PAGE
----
The terror attack was directed at Israel’s soft underbelly: The Alon factory is a symbol of Israeli-Palestinian coexistence. Hundreds of Palestinians work there, as do hundreds of Jews, shoulder to shoulder, in full harmony and cooperation. There had never been any kind of violence on the site. The fact that it was one of the workers who betrayed his friends and went on a killing spree inside the factory shocked many people, especially supporters of coexistence efforts on both sides.
The murders are a dilemma for Israel on the strategic-operational level as well. At this stage, Eizenkot and Shin Bet head Nadav Argaman continue to strongly support the existing policy. A single attack is not supposed to cause dramatic policy changes or system failures. However, if Na'alowa's attack is followed by copycats — which happens occasionally in the Israeli-Palestinian conflict — things might change. The Israeli cabinet might give up and instruct the IDF to return to the policy followed in past intifadas: invalidating work permits, imposing closures and blockades on problematic villages, collective punishment, dramatic increases in traffic barriers and significant narrowing of what freedom of movement the Palestinians enjoy now in the West Bank. We’re not there yet, thankfully, but it is possible that at this rate, we’ll soon find ourselves headed in that direction.
To decide how to respond, Israel must first locate and detain the assailant. Among the public, especially on the right, voices are calling on the IDF not to capture him alive. He deserves to die, say family members of the people who were killed, and many Israelis share their opinion. There has also been much public criticism over the allegedly improved living conditions of Palestinian prisoners in Israeli jails. Many Israelis complain about the benefits they receive in jail and that there are always some prisoners released prematurely as part of prisoner-exchange deals with Hamas.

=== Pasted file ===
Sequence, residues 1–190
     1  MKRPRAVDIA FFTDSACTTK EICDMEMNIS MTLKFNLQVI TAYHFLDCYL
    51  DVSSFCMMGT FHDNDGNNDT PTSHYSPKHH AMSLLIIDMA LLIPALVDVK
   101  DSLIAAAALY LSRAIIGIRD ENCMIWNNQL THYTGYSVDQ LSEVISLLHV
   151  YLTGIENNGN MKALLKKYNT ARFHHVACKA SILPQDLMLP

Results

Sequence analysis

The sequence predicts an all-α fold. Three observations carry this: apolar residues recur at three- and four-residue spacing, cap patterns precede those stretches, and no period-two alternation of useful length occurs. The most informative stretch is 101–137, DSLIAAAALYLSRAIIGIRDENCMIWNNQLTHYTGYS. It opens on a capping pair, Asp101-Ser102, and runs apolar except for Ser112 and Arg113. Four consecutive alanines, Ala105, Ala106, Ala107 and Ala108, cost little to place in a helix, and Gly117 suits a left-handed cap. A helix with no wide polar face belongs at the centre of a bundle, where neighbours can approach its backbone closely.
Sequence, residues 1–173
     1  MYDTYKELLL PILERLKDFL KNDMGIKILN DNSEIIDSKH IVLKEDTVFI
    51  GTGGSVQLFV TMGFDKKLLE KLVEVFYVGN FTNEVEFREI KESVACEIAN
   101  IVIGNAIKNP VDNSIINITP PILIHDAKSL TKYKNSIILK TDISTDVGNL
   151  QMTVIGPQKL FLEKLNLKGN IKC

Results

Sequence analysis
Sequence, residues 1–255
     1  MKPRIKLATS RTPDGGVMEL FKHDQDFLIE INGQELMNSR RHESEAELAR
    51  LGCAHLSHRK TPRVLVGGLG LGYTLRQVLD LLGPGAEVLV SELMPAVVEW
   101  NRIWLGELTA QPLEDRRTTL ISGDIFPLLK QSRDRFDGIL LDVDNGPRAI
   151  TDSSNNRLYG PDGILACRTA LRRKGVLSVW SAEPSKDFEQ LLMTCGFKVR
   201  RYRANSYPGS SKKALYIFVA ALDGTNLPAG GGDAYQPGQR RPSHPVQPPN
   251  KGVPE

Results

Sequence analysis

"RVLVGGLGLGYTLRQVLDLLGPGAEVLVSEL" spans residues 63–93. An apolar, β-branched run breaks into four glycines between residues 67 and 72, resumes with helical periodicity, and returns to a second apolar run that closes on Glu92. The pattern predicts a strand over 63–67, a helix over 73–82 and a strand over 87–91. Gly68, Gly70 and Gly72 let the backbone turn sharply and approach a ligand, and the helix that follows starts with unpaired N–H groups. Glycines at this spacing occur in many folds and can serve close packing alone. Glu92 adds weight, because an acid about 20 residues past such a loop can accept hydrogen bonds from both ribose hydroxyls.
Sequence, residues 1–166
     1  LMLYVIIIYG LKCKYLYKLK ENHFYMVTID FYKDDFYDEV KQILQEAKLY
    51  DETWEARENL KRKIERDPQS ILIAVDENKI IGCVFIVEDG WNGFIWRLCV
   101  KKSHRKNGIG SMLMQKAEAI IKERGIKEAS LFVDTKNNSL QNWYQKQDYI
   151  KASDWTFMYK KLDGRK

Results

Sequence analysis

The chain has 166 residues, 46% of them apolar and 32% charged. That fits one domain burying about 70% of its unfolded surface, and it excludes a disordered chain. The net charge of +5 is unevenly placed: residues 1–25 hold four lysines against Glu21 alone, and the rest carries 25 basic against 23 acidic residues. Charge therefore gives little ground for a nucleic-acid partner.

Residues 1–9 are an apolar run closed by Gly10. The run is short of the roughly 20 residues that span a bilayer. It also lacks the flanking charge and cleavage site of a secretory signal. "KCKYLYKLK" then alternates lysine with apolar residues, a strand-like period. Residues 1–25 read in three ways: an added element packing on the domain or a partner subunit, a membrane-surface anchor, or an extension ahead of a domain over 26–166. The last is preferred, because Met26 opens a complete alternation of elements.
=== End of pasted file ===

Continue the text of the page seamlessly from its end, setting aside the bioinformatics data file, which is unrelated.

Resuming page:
The IDF and the Shin Bet know that it is important to arrest Na'alowa alive for the chance to decipher what motivated his attack, how he planned it and how he made the decision to carry it out. Information of this type is very valuable now, when the security system has to deal more with furious outbursts by disconnected individuals than with organized terror groups.
This lack of affiliation has apparently helped Na'alowa disappear. Since he is not connected to any group, Israel’s intelligence superiority becomes irrelevant. An individual like Na'alowa can simply take refuge in a nearby cave and vanish, while relying on local people for necessities. In such a case, we can anticipate a long, tiring manhunt.
Statistics show that Israel always captures perpetrators — eventually. This case will be no different. Only then will we know if the attack in the industrial park is of the kind that will bring a turning point in Israeli strategy, or was just an uncharacteristic operational mishap in the security system. The truth is that prior to the attack, potential warning signs were missed, and the system did not react: The assailant missed work for two weeks. He left a suicide letter with a friend and managed to smuggle a submachine gun into the plant. Hundreds of assaults like this are thwarted every year by the IDF and the Shin Bet. Those that are not threaten to turn the tables on everyone.